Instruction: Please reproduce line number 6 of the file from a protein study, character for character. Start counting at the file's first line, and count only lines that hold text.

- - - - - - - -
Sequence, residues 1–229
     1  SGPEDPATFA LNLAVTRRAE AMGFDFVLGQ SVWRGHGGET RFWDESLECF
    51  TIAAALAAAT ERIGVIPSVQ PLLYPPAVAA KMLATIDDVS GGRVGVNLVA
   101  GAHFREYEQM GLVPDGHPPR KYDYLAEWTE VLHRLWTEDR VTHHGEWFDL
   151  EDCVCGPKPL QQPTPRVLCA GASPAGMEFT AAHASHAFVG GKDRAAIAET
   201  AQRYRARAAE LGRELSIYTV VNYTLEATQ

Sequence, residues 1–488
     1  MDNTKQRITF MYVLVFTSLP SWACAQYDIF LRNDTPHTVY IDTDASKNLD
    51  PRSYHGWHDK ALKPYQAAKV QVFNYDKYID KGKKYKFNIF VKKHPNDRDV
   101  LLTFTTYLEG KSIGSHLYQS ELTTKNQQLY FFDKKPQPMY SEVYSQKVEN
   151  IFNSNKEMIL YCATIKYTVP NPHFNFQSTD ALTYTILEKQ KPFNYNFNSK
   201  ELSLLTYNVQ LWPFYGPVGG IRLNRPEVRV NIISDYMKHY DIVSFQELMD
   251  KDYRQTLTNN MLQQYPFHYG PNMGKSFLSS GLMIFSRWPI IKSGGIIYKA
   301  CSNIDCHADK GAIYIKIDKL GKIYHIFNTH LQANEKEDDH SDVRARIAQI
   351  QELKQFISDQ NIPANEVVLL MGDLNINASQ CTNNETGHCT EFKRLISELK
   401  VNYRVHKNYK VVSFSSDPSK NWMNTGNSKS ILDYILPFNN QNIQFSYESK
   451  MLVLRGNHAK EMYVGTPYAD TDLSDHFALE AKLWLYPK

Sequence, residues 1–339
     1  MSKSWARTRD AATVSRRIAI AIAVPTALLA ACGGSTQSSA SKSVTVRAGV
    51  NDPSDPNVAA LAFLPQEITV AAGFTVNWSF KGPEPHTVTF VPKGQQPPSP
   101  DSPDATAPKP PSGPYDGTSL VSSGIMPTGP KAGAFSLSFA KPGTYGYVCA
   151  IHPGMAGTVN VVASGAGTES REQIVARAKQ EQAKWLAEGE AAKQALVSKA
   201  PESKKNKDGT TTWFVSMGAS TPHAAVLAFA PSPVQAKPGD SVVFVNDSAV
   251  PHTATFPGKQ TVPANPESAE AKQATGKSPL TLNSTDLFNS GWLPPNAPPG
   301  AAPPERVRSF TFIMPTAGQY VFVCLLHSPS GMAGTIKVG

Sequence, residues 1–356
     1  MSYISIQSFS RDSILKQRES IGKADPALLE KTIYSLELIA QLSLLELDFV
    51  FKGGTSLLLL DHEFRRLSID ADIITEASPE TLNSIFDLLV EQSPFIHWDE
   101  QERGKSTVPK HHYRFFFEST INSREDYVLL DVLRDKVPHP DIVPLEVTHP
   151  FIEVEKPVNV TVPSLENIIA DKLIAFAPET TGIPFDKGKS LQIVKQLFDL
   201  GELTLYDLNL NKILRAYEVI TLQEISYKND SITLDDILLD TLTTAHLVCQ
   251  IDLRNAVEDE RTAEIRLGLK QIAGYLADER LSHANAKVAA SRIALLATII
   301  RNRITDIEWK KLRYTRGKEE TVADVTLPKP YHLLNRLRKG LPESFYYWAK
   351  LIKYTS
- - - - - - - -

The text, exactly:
   201  AQRYRARAAE LGRELSIYTV VNYTLEATQ